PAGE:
Active Voice Part 2: Wellness at Home and In Community
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The emergence and rapid proliferation of the novel coronavirus known as COVID-19 resulted in a global pandemic at a scale not seen since the Spanish flu of 1918. In the U.S. the virus came as a shock to an already strained healthcare system, pushing the medical infrastructure to its limits. More than a year since the first recorded case and after more than 500,000 recorded deaths nationally, we have been forced to take a different perspective on health, wellness, and care.
In this climate of fear, loss, grief, and general lack of resources, many artists, arts organizations, and community organizers have pivoted to address the needs of communities through resource distribution, self-care and mental health practice education, and healing centered engagement. Join Karen Mack, founder and Executive Director of LA Commons, and Nicole Rademacher, artist and founder of Acogedor, for a conversation with the Armory’s Heber Rodriguez as we discuss the effects and responses to isolation, social distancing, and the pandemic on our communities and us as individuals.
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About the Panelists
Karen Mack is founder and Executive Director of LA Commons, an organization dedicated to promoting Los Angeles’ diverse neighborhoods through locally based, interactive, artistic and cultural programming. LA Commons has implemented community art projects, tours and classes in partnership with organizations such as Fowler Museum at UCLA, National Endowment for the Arts, LA Dept of Cultural Affairs, and LA County Department of Arts and Culture. She holds an MPA from Harvard University and an MBA from the John Anderson School of Management at UCLA where she currently teaches a course on Social Justice Artivism. She is a member of the Los Angeles City Planning Commission.
Nicole Rademacher (she/her) is an artist and an Art & Marriage and Family Therapist Trainee. She serves as the founding director of Acogedor, an intimate project space that functions as an inclusive and supportive space collaborating with BIPOC, queer, disabled, female-identifying, gender non-conforming, and the adoptee community. Since COVID-19 Lockdown, Rademacher has spearheaded community-based projects, launched Acogedor online programming--with an exhibition focused on work made during the pandemic--, and is currently part of a trio studying art-making and wellbeing during COVID-19 with professional artists as part of her graduate thesis at Loyola Marymount University in Los Angeles. Rademacher currently lives and works in Los Angeles with her husband and son.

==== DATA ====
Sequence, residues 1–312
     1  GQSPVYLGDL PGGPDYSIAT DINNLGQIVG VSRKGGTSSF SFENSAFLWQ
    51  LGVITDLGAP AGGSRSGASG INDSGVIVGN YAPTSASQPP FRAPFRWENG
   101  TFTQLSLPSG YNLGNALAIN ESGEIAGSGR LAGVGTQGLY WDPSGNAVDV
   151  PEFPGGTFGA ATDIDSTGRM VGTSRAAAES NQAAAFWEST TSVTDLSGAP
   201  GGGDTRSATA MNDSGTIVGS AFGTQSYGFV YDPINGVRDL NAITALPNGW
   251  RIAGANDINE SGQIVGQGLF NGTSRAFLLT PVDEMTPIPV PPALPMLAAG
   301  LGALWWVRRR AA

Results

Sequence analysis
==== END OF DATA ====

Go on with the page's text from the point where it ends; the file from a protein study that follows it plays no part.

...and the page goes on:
About the Program
Active Voice: Conversations at the Intersection of Art, Community, and Social Justice is a monthly conversation series hosted by the Armory Center for the Arts inspired by the conversations and reflections in the year under lockdown orders.
The past year presented many unique challenges. The arts community, locally and around the world, struggles to find its footing amid a global pandemic that has made the dangers of the politicization of science evident. An outpouring of demonstrations defending the value of Black lives were met with military opposition. And the recent, very real threats to American democracy made one thing abundantly clear: there will be no return to a post-pandemic “normal.”
In response to this moment, the Armory is pleased to present Active Voice: Conversations at the Intersection of Art, Community, and Social Justice.
Active Voice is a platform for the generation of ideas, conversation, and action.
This series of programs brings artists, activists, community organizers, and other change agents together for thematic discussions that challenge audiences to imagine a “new normal” that:
1. advances our thinking around the function of the arts in our communities
2. allows for greater inclusivity within the arts and works against the inequitable practices ingrained in the arts infrastructure
3. increases our ability to deploy the arts to advance social causes
These conversations will not only look forward to a post-pandemic (lockdown?) future, but will also include calls to action based on the ideas put forth by participants. The conversations and audience responses to the calls to action will be archived on the web and compiled into an Art Action Log that can serve as a springboard for further activities.
As difficult as the challenges of the past year have been, they have also offered some opportunity for the arts community to reset, root out inequities, look beyond business-as-usual, and imagine different models built through collaboration. Now it's up to us to take action. It is not a time for passivity or complacency.
Upcoming Programs in the Series
June 17 - Home Studio, Teaching Art, and Learning during the Pandemic
July 8 - Art and Abolition in Los Angeles
March 25 - Lockdown, One Year Later